The Pullman Police Department is calling upon the public to help find the person or people behind the anti-gay slurs tagged on a vehicle belonging to a gay Washington State University student Wednesday night.
Police are labeling the incident as a hate crime, meaning the perpetrator could face felony charges.
According to police, the student, John Kraus, found the words “FAGGOT,” “Die Fag!” and “Go 2 Hell” written in red paint on his white Kia sedan Thursday morning.
“In this case we really don’t have any leads,” Sgt. Jake Opgenorth said. “That’s why we put something out to the public is because this is a serious crime – it’s a hate crime, it’s not just property damage.”
Opgenorth said the attack on Kraus’ sexuality is only the second hate crime he’s been assigned to investigate since joining the department 24 years ago. He said hate crimes in Pullman are a rarity, and only a handful are reported annually.
“I haven’t investigated a lot of these,” Opgenorth said. “I can only think of one that comes in mind.”
Opgenorth said tagging someone’s car with paint would ordinarily be considered a gross misdemeanor, but because of the nature of the incident the stakes have been raised.
“The hate crime we are investigating is technically malicious harassment and that is a Class C felony,” he said. “… Because of the tone of what was written, it’s a Class C felony,” Opgenorth said.
Class C felonies are punishable by up to five years in prison and $10,000 in fines in Washington.
Police say they need help from the public to find who is behind the act.
“We have a diverse community and I truly believe our community is mostly accepting of everyone,” Opgenorth said. “… Most likely someone knows who did it and we need someone to call and point us in the right direction, give us a name.”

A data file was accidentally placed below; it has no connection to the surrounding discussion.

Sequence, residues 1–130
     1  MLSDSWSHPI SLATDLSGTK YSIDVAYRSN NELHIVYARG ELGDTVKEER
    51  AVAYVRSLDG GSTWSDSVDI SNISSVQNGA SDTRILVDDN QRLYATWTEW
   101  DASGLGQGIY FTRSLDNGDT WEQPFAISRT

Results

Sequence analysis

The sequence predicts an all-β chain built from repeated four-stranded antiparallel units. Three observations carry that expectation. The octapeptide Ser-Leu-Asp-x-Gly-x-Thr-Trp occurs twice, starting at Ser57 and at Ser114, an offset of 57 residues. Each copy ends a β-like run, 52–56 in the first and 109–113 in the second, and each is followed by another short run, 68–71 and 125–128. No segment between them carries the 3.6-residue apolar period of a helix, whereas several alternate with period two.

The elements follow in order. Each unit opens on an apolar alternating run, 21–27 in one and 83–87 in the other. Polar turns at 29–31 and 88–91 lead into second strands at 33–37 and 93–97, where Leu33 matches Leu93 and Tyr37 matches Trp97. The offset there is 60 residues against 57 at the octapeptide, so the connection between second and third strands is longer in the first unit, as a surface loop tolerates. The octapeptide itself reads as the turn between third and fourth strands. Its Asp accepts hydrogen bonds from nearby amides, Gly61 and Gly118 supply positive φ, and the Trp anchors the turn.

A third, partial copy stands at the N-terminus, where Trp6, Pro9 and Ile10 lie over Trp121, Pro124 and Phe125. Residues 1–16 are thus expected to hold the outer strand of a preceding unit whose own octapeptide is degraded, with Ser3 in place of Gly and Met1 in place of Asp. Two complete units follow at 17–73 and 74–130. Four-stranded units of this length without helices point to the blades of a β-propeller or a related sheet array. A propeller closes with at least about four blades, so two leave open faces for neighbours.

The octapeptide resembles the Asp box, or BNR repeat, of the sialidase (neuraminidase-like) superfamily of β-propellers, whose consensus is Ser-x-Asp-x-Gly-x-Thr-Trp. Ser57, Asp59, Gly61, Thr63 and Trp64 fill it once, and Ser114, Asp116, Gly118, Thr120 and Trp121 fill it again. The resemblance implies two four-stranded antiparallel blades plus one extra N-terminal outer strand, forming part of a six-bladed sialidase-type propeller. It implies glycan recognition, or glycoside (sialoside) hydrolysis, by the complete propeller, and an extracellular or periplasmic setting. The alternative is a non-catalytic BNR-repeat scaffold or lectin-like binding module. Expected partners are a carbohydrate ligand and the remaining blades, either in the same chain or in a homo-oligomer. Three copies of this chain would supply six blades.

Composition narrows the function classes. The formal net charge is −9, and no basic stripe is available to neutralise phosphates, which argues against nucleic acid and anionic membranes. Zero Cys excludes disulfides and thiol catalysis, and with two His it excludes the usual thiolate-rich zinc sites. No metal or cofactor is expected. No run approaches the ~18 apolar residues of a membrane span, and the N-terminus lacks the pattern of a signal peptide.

The incident has also caught the attention of WSU President Kirk Schulz. He addressed the incident in a letter to members of the university community.
“Regardless of how you feel about the election results, I want to remind you that WSU embraces diversity, inclusion, and opportunity for all. The foundation of our university is built on those principles. We do not – and will not – tolerate expressions of hate, prejudice, or injustice,” Schulz wrote to faculty, staff and students.
“I have interacted during the past several days through social media, email, and in person with many faculty, staff, and students. Let me assure all of you – as your president, I will continue to show my strong support for students of color, undocumented students, women, and members of the LGBTQ community. We are unconditionally committed to creating and maintaining a learning environment where all students – regardless of race, gender, religion, or nationality – can learn in a safe environment conducive to success,” he went on to write.
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